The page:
George Sarton became inspired by the work of Leonardo Da Vinci, so he attempted to chronicle the entire history of scientific discovery. Before his death in March of 1956, Sarton had managed to tell the story of science up until the 14th century. Sarton and Lawrence Joseph Henderson decided to form the History of Science Society to try and finish the work Sarton had started.
The Society has a quarterly publication called Isis, which was originally published and written in four different languages. The quarterly book is full of peer-reviewed research, book reviews and essays related to the history of science.
The Society was founded to ensure the journal would be published well into the future, and anyone can join. The Society currently counts 3,000 members around the world, and it publishes quite a bit more than just Isis. Osiris is the annual component, revived in 1985 after a roughly 20 year hiatus, and the company also publishes IsisCB, or “current bibliography”, which collects the citations used in the Society’s reporting throughout the year.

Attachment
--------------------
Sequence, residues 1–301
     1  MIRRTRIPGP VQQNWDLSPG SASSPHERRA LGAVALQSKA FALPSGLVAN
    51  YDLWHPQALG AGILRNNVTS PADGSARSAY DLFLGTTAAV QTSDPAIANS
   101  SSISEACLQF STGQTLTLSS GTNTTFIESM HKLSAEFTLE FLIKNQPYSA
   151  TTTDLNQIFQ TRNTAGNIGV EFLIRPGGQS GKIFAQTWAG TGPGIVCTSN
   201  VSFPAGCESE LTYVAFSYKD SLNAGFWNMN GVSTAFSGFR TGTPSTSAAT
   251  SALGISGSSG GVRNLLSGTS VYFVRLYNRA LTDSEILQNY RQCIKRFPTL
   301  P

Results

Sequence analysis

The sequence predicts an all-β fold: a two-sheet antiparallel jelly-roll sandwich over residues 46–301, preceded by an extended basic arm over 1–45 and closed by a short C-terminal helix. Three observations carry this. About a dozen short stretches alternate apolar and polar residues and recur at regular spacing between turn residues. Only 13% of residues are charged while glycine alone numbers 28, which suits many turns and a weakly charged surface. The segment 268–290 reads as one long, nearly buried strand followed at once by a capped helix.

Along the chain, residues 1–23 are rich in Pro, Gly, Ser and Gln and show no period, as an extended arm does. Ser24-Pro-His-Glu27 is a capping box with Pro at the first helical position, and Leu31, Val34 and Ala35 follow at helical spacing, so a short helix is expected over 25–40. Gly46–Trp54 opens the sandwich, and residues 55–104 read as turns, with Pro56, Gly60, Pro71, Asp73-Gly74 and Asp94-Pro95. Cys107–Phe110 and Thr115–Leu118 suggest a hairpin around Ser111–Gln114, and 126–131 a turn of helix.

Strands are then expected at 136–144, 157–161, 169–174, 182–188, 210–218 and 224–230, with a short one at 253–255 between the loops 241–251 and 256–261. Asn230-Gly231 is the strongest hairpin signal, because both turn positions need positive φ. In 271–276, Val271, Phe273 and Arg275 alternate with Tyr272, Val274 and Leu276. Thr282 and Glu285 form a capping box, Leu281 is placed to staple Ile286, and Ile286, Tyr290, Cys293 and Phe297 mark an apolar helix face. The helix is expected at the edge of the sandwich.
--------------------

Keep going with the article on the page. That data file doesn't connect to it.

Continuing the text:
The Society also has yearly meetings. Lately, those meetings have been spread over two and a half days, covering everything from space to pharmaceuticals and the natural sciences. Today’s Society is an international organization, but it primarily represents the North American scientific community.
The Society is a non-profit organization, incorporated in Washington D.C. The organization has a governing body consisting of 22 officials, and the day-to-day operations are carried out by the group’s Executive Office located on the campus of the University of Notre Dame.
About the Author: Phineas Upham is an investor at a family office/ hedgefund, where he focuses on special situation illiquid investing. Before this position, Phin Upham was working at Morgan Stanley in the Media and Telecom group. You may contact Phin on his Phineas Upham website or Twitter page.